Task Influences in the Analytic-Intuitive Approach to Decision Making
Final rept. 1 Oct 1981-31 Dec 1984
RICE UNIV HOUSTON TX DEPT OF PSYCHOLOGY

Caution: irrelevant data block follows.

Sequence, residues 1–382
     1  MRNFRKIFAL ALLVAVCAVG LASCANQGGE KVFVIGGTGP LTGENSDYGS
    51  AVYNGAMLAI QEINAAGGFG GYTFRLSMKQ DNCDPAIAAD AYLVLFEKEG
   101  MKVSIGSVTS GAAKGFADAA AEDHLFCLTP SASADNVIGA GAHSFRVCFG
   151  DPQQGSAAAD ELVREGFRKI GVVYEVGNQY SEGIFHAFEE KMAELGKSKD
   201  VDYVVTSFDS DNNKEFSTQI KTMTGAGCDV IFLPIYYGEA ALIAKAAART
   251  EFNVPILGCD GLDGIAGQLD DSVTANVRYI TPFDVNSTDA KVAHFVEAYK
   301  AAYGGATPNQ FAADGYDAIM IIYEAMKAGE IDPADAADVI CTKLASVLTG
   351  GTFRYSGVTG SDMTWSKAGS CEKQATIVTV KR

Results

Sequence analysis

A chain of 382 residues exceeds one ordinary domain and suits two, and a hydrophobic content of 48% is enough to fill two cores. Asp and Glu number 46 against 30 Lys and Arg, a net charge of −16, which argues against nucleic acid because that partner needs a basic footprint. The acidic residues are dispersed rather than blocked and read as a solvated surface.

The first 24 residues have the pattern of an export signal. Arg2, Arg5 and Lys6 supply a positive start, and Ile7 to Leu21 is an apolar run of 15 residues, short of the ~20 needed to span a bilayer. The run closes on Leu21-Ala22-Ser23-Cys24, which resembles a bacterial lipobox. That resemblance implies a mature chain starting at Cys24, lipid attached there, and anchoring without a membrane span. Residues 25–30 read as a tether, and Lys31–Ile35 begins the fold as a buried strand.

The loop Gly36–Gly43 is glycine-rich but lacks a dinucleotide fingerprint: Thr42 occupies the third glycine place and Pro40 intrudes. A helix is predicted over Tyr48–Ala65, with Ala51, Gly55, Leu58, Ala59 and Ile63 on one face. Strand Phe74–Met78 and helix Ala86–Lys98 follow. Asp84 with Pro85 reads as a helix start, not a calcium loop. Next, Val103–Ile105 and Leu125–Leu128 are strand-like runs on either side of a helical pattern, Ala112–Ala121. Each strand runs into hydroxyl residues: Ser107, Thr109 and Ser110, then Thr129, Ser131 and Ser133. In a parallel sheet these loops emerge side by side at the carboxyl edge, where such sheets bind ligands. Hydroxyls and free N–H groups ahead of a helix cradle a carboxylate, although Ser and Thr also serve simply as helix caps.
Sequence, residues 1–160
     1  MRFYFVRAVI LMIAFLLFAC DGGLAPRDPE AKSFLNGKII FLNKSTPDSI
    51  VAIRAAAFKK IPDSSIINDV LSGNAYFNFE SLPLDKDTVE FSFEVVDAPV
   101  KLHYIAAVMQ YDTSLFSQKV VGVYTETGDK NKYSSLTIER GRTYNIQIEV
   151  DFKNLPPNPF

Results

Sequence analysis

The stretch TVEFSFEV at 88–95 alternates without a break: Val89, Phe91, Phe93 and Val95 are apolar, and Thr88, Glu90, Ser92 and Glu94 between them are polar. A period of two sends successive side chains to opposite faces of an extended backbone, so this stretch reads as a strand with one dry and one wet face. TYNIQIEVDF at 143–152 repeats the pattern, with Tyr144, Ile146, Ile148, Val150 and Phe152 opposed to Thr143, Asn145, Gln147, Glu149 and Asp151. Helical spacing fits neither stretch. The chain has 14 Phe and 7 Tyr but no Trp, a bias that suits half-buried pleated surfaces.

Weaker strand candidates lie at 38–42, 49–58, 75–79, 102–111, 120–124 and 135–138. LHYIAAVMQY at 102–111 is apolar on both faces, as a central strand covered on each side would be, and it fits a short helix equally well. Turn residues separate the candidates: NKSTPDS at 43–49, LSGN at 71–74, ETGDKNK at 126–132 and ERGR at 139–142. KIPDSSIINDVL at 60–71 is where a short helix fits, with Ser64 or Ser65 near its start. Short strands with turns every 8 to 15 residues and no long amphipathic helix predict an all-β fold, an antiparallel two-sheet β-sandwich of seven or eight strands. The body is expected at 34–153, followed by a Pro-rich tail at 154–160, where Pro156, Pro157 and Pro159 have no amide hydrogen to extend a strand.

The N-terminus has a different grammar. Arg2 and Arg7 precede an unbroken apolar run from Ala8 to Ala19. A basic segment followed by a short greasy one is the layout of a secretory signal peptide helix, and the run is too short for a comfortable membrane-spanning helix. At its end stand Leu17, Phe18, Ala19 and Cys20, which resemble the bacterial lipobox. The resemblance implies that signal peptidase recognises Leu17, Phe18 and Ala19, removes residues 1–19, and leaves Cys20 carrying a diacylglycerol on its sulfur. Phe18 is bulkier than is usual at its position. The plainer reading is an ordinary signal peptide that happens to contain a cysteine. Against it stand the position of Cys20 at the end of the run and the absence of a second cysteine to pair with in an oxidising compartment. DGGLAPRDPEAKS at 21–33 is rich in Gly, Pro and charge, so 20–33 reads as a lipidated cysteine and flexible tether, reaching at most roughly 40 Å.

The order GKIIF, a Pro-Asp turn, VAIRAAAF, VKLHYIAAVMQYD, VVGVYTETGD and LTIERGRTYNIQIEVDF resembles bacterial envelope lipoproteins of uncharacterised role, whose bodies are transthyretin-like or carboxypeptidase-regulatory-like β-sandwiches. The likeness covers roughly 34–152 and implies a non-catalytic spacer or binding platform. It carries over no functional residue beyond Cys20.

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The broad purpose of the research conducted under Project NR197-074 was to clarify the effects of certain formally irrelevant task characteristics on judgment and decision performance. The primary integrating theme was Hammonds 1980, 1981 cognitive continuum theory, which classifies a number of general task parameters with respect to their hypothesized influence on human thought. Some conditions, it is suggested, induce a more analytic rule-based approach others, a more intuitive one. Despite measurement problems which prevent a rigorous test of the theory, its logical and taxonomic features have proven useful in organizing the search for--and attack on--task influences. Variables were selected and manipulated in accordance with their expected cognitive implications, even though it is impossible to verify their precise location on the analytic-intuitive continuum. To the extent that judgment or decision behavior changes in the predicted ways, something is learned about these particular task variables, and the basic tenets of the theory are strengthened. While extreme cases -- situations in which people behave relatively normatively analytic extreme or heuristically intuitive extreme-- are not hard to find and have been well researched as discussed below, this document focuses has been on the middle ground--the area where subtle manipulations might have an important effect. Originator-supplied key words include heuristic methods, scenarios.
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